- By Matt McGrath
- Environment correspondent
The world will likely use fewer fossil fuels to generate electricity this year at a “turning point” for planet-friendly energy, according to a new report.
It would be the first-ever annual decline in the use of coal, oil and gas to generate electricity, outside of a global recession or pandemic.
As a result, less heating gases would be released during power generation.
The authors attribute the expected change to a renewable energy boom led primarily by China.
Wind and solar now produce 12% of the world’s electricity with enough wind turbines added in 2022 to power almost all of the UK.
Electricity generation is the biggest contributor to global warming, responsible for more than a third of energy-related carbon emissions in 2021.
Phasing out coal, oil and gas in this sector is therefore considered essential to help the world avoid dangerous levels of climate change.
This new study examines data from countries representing 93% of global electricity demand.
This fourth edition of Ember’s Global Electricity Review indicates that significant progress is being made in reducing the role of fossil fuels in electricity generation.
Major developments are the continued rise of solar and wind as economically viable sources of electricity. Around the world, solar power increased by 24% last year, enough to meet the annual needs of a country as large as South Africa.
Combined with nuclear and hydroelectricity, clean sources produced 39% of the world’s electricity in 2022. The report reveals that the electricity produced last year was, indeed, the cleanest ever produced.
But despite this, the sector’s carbon emissions also continued to rise, as the use of coal increased slightly.
According to the authors of the report, this is due to the fact that the global demand for electricity has increased and has not been met entirely from clean sources.
There have also been problems with nuclear and hydroelectric power in 2022, with many French reactors offline and European rivers too low in many places for hydropower generation.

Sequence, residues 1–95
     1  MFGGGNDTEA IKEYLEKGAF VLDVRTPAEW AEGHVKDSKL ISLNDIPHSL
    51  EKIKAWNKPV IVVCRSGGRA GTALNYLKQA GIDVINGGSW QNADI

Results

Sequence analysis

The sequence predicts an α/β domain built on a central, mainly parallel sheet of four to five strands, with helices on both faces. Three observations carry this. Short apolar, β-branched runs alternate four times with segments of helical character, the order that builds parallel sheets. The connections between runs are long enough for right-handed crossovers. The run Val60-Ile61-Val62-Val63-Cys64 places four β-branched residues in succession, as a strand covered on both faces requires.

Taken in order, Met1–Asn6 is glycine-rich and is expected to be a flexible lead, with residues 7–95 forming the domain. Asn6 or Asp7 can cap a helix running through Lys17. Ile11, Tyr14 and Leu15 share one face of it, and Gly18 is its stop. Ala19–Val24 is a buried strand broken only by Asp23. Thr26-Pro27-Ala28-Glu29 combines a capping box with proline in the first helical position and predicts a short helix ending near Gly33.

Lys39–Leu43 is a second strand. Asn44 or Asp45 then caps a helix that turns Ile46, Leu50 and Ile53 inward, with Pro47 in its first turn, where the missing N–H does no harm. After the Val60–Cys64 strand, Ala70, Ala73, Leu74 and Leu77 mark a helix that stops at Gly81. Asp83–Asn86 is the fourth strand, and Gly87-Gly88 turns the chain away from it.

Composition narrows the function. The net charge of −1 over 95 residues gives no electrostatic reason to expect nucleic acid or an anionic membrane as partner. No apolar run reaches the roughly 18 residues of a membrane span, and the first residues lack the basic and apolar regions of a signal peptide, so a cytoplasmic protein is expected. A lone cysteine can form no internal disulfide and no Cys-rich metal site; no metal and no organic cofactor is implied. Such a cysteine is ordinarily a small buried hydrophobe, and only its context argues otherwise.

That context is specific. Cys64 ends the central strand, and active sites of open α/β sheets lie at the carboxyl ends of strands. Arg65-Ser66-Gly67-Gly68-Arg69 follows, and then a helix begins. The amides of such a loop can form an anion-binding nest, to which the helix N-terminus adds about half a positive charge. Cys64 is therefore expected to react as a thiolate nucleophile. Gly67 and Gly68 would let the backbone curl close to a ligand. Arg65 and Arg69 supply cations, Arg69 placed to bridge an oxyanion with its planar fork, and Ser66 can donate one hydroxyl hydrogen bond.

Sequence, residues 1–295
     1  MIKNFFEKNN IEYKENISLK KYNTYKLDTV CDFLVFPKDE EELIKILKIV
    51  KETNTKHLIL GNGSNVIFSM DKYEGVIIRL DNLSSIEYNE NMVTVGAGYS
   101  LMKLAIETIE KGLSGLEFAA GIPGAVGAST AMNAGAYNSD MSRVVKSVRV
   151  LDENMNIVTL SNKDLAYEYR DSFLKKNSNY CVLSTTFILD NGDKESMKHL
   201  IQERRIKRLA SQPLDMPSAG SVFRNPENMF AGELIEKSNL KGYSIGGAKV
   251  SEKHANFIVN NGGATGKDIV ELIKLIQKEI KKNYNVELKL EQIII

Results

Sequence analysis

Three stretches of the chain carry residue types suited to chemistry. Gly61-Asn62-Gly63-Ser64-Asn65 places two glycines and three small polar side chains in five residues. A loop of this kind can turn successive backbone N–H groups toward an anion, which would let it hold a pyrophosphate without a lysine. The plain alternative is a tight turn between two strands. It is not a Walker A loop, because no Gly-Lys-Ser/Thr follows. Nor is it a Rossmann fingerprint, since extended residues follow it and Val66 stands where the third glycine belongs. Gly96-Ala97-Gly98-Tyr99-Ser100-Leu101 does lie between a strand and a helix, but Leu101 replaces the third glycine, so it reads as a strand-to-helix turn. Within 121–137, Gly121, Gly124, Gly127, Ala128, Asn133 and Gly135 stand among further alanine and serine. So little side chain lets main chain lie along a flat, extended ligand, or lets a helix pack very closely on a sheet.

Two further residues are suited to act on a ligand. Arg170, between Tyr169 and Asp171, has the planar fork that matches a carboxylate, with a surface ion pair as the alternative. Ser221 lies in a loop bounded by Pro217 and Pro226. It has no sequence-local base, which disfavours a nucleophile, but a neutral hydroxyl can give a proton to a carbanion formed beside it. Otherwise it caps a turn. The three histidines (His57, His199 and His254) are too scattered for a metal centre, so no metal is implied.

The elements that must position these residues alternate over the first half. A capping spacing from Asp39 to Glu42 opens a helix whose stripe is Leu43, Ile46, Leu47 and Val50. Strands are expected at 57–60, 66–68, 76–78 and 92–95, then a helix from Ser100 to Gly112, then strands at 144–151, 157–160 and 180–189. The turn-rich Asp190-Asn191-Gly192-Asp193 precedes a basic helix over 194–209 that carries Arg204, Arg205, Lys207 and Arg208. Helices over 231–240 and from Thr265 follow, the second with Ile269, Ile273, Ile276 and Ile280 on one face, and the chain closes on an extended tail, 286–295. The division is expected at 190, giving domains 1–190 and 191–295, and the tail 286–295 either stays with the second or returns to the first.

However, the report says that in 2023, wind and solar growth will outpace demand growth – and that will start to turn the tide on gas warming.
“When you stop adding more fossil fuels to generate your electricity, you start to see emissions drop,” said Malgorzata Wiatros-Motyka, the report’s lead author.
“This is extremely important in the context of increasing electrification, because we have more electric vehicles, more heat pumps, so cleaning up the electricity sector will also reduce emissions in other sectors.”
While the decline in fossil fuel emissions in electricity this year is expected to be small, around 0.3%, the authors estimate that the decline will continue and accelerate in the years to come. Key to this is a decline in gas use, which fell slightly last year, although some countries like Brazil reduced their use by 46% in 2022.
“We have now reached this next turning point as we begin to see a new era of declining emissions from the fossil fuel sector. We know wind and solar are the answer and we just need to step up with a sheet. road to build them as quickly as possible,” said Dave Jones of Ember, one of the report’s authors.
China is an important player having an impact on the general trend. About 50% of the world’s wind power addition comes from China and about 40% of the world’s new solar comes from the country which is also the world’s largest user of coal power.
“There is a chance that at the rate China is building wind and solar and all types of clean generation, it will hit that peak in coal production before 2025, which would be significant,” Jones said.
Energy experts agree that reducing fossil fuels in electricity generation could well be a “turning point”, but there is still much to be done.
“The first peak of coal-fired power generation was in the UK in 1979,” said Professor Jessica Jewell of the University of Bergen, who was not involved in the study.
“Nevertheless, it has taken decades to completely phase out coal power, for example the UK was still using some coal in 2022, 43 years after the peak. we’re not 40 or even 30 years old, we need to completely decarbonize electricity in a much shorter time.”
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